I've read the book. Many times, in fact. We will, therefore, be getting into a real in-depth examination of how the movie relates to the book--and where it falls short. Now, I don't have the crazy hate for the movie that some people seem to; it's actually a better adaptation than I think we have any reason to hope for. However, there are some major places where I think the movie fails us. I understand the reason for some of them--apparently, the reason the Handmaids' uniforms are so far off is that they couldn't afford to buy better ones; these were bought off the rack at Sears--but I think that, in some places where we are supposed to be given a greater connection to the story by the changes, it detracts from the power of the story. But more on that anon.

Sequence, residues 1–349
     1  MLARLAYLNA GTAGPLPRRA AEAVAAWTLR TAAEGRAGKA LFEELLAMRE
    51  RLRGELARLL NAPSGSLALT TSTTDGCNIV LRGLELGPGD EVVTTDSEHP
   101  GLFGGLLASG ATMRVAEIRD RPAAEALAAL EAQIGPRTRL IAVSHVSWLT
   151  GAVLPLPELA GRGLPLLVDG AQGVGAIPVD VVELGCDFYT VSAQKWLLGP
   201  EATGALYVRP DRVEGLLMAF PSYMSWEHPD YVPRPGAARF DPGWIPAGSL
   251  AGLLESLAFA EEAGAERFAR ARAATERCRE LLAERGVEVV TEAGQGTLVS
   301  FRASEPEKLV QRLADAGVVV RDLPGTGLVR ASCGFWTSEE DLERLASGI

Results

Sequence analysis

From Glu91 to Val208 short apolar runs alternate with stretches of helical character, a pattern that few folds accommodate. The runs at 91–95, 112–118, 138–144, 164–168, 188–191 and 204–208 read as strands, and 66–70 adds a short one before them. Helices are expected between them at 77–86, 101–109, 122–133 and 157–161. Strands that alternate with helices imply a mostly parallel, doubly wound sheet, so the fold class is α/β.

In the not-too distant future, the United States has fallen and been replaced by the Republic of Gilead. Gilead is a completely theocratic society which has taken advantage of, among other things, the incredible decrease in fertility among women. (Men are not tested.) There are also the dreaded Colonies, a place where unwanted people--mostly women--are sent to clean up what is probably horrific radioactive waste, though I wouldn't be surprised if there were chemical contamination there as well. Many young, fertile women have been rescued from the prospect of the Colonies by the choice to become a Handmaid, a nameless, veiled concubine to a military official whose wife cannot bear her own children. The Handmaids will take their commander's name--Ofglen (Blanche Baker), Ofwarren (Traci Lind, whose character's real name is Janine), and of course Offred (Natasha Richardson, called Kate in the movie and nameless in the book, more on which anon). Offred is brought into the house of a military commander (presumably named Fred and played by Robert Duvall) and his wife, Serena Joy (Faye Dunaway), a former televangelist now with no power of her own, no importance of her own.